Another digital piano from the cabinet style line, today you’re going to read my Donner DDP-300 review. One of the things that caught my attention at this brand is the affordable nature of their musical instruments. Is this trait a sign of qualitative weakness or are they able to offer more competitive prices because they don’t have such a wide reaching brand recognition? In other words, are Donner digital pianos worth even the lower price?
This is one of the questions I’ll be trying to answer with this review. Donner quite a young brand in the musical instruments space. They started out in 2012. Digital pianos were not their first product. The first hit that gave them the motivation to further develop their line of products was exclusive mini guitar effect pedals. This first success fueled their fire to develop different types of musical instruments with one thing common to them all: an affordable price. But is there more to their digital pianos than a low price. And does low price equate to low quality? These are some of the questions that I’m going to answer in this review. Let’s start by taking a look at the specifications table below.
Donner DDP-300 Specifications
|Piano cover||Slide cover|
The main reason why you would be interested in buying the DDP-300 is because it has those acoustic piano looks. The advantage is that it doesn’t have the weight of an acoustic piano, but still, it’s pretty heavy for a digital piano. This is not a weakness, it’s just a fact. And considering this fact I recommend you have someone around to help when you install it.
It comes in a big box with all of the pieces wrapped separately so that they don’t get scratched during transportation. The overall design of the built is very straightforward, so you surely will not lose too much time with the installation process. About 30 minutes should be enough. The only tricky part, where you might need a helping hand is when you put the keyboard on top. But, if there’s no help in reach, you could do it on your own with a little patience.
Once put together, the looks of the musical instrument will surely please your expectations. Although the cabinet is not made of hardwood, it surely has a nice sturdy look to it. The overall feeling that the piano gives you is one of durability. And it also doesn’t look or feel cheap, although it’s pretty affordable considering the category its in, and the alternatives.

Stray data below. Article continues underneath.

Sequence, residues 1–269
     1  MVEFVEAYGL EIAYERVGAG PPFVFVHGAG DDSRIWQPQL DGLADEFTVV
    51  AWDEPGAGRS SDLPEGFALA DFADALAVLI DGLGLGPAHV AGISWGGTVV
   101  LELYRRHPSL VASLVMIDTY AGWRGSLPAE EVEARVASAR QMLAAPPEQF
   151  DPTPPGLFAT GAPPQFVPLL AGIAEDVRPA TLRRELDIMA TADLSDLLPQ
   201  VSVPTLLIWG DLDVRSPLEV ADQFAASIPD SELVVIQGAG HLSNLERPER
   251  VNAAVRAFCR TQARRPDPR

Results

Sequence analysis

What I like about the manufacturer, Donner, is that they focused on the fundamental elements of each of their digital pianos. They identified the most important characteristics of each model and made sure those features are great quality. They managed to offer a very competitive price because they tossed away the extra features that have a secondary nature in the interests of the consumer.
The overall design is clean and elegant, like a cabinet style digital piano should be. The control panel is reduced to a bare minimum, but it does have more controls and functions than the other two models from their cabinet style line, the Donner DDP-90 and DDP-100.
Some of the functions, though, can only be accessed by pressing down the functions button and one of the pianos keys. This is a common characteristic with digital pianos. You will find the combinations in your user’s manual. Don’t worry, the inconvenience will disappear once you memorize your most used combinations. This inconvenience is also a relative matter. Some people prefer this type of controls because it limits the number of buttons on the piano’s control panel drastically, thus offering a sleeker, cleaner look.
I like the fact that the piano has a sliding cover. This keeps dust away from the keyboard and contributes to that authentic look of the piano. I also like the 3 pedal unit. It also contributes to the realism of the experience. The pedals work just like those on an acoustic piano, enabling you to use the same effects. While the support of the pedals is made of plastic, the pedals themselves are made of metal, which further underlines that durability sensation I noticed right from the start.
Digital pianos, compared to acoustic pianos, don’t need any tuning. Their sound remains constant. This makes the quality of sound that much more important. Because, basically, you’re stuck with what you get.
There are 2 different methods that the sound engines of digital pianos employ to produce sound. The first, and classic method, is the sampling method, the second is modeling. The difference between the two consists in the fact that the first uses actual recordings of each key at different velocities, the second starts from the actual sound, and then uses more computer technology to recreate each sound the moment you press the key, in accordance with the way you press it. There’s no clear recommendation as to which method is superior. They’re just two ways to obtain the same end result.
The Donner DDP-300 uses the sampling method. They take their sound from a 9′ grand piano. I’m pretty impressed with the sound of this digital piano. Considering the price range it sells for, I expected a lesser sound, but just like with the other models from Donner, they did a good job where it matters.
The sound is clear and crisp, even when turning up the volume. This makes for a pretty realistic piano playing experience. If you plan on not disturbing the people around you with your practice, you can always use headphones. And the sound is even more immersive when you use headphones. I also like the fact that it’s sensitive to the way you play the keys, so it renders even the finest of sounds.
Unlike the other cabinet style digital pianos from Donner, the DDP-300 has a number of different instrument sounds. These are a welcome addition for those who want to have some fun, or those who want to diversify their musical repertoire.
The Donner DDP-300 has a maximum polyphony of 128. This is the same with all the digital pianos from this manufacturer. They could’ve gone overboard and installed a higher limit, considering that it’s the flagship model. But, it would’ve driven the price up, without making a world of difference.